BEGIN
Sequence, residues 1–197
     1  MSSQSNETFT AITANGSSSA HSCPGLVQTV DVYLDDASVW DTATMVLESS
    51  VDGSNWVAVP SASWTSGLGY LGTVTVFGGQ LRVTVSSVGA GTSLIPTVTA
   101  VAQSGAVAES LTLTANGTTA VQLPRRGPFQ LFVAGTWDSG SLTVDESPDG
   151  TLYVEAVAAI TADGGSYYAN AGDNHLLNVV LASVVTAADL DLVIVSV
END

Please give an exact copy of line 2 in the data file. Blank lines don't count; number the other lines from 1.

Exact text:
     1  MSSQSNETFT AITANGSSSA HSCPGLVQTV DVYLDDASVW DTATMVLESS